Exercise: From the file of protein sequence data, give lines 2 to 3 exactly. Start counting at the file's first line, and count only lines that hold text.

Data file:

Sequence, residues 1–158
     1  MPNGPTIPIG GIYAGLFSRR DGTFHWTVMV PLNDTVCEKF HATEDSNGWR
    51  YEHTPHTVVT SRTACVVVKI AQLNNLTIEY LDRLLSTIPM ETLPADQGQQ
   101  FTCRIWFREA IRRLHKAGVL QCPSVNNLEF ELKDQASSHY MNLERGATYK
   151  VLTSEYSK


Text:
     1  MPNGPTIPIG GIYAGLFSRR DGTFHWTVMV PLNDTVCEKF HATEDSNGWR
    51  YEHTPHTVVT SRTACVVVKI AQLNNLTIEY LDRLLSTIPM ETLPADQGQQ